Botanic Garden collections

The Botanic Garden conserves a large portion of Icelandic higher plant flora alongside a diverse range of foreign plants. It hosts about 3,000 total species, subspecies, varieties, and cultivars. Arranged in eight collections, the plants offer an idea of flora diversity in the northern temperate zone.


The Icelandic flora

In 1961, Reykjavík City received a gift of 200 Icelandic plants for conservation, forming the foundation of the oldest collection in the Botanic Garden, Iceland's Flora.

This collection boasts about 300 of approximately 485 varieties of flowering plants and ferns that make up the Icelandic flora. We do our best to replicate their natural habitats, such as wetlands and geothermal areas.

Perennial plants

Foreign herbaceous plants add charm to the Botanic Garden, including wild species, their varieties, and cultivated plants.

A substantial portion of these perennial plants are arranged in beds according to their classification into genera and families. Hence, species from the same genus and genera from the same family grow side by side. Additionally, many foreign perennial plants serve as ornamental plants, ground covers, and fill-ins around the garden. For instance, an exhibition of perennial plants with yellow flowers adorns a dedicated bed, just like a decorative bed at the western end of the garden showcasing blue flowers.


While many unrelated plants' names contain 'rose' in some form—like heather roses and hollyhocks—it is the species of the Rosa genus that are the real roses.

Roses have long been intertwined with human agricultural history, with the earliest records of rose cultivation tracing back to around 2700 BC. Since then, people have diligently selected the most beautiful individuals for breeding, resulting in cultivated varieties that meet both cut-flower growers' and gardeners' demands.

Some of these cultivated varieties thrive admirably in Iceland, and the Reykjavík Botanic Garden houses outdoor-cultivated rose samples most commonly found in Iceland. The rose cultivars are mostly placed around the restaurant, in front of the display greenhouse and gazebo. The Botanic Garden also curates rose species, displayed in a bed eastwards of the Fyssa water artwork.


Rhododendrons grace the Botanic Garden since 1977. They flourish every May, putting on a strikingly beautiful display with their large, pink, bell-shaped flowers.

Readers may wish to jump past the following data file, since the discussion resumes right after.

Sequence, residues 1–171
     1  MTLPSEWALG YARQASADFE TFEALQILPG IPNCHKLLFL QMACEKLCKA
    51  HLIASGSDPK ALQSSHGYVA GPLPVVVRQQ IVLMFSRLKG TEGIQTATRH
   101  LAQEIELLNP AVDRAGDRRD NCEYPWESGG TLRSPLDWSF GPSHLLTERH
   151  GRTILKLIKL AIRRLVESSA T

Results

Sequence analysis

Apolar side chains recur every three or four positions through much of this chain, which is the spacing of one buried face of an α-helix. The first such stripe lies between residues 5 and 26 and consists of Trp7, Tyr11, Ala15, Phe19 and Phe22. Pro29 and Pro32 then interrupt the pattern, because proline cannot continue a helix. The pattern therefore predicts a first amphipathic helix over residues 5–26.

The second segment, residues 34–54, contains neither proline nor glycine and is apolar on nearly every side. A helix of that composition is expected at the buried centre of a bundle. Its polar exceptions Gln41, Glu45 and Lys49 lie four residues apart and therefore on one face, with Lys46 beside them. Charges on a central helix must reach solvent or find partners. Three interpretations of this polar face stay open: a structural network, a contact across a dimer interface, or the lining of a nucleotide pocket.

Woodland plants

The Reykjavík Botanic Garden cultivates many plants native to the Northern temperate zone's forest areas.

The common thread among woodland plants is that they prosper best in partial or full shade in a soil high in organic matter, slightly more acidic than regular cultivation soil. Many of these plants bloom before the trees leaf out and take advantage of the sunlight that reaches the forest floor.

In recent years, the Botanic Garden has sought to consolidate woodland plants in areas under leaf covers, such as the area around Laugatunga.


The arboretum currently tests numerous species of trees and shrubs. In the northern part of the collection, tree species are grouped by their native regions.

The arboretum is the largest collection of the Botanic Garden, spreading about 3.6 hectares (8.9 acres). Opened in 1989 and originally 1.2 hectares (3 acres) large, it was expanded by 2.4 hectares (5.9 acres) in the summer of 2011. Besides the arboretum, there are small collections of trees and shrubs in various parts of the Botanic Garden, including birch, lilac, pine, bush, and poplar species.

Alpine garden

The alpine garden features a selection of foreign alpine perennial plants and small shrubs. The plants are arranged according to their original habitats. Here you'll find plants from mountain areas in Europe, North and South America, Asia, and New Zealand.

Vegetables, herbs, and forage plants

The newest addition to the Garden's collections, the Vegetable, Herb, and Forage Plant Garden, opened in the summer of 2000. It cultivates a variety of vegetables, medicinal herbs, and forage plants.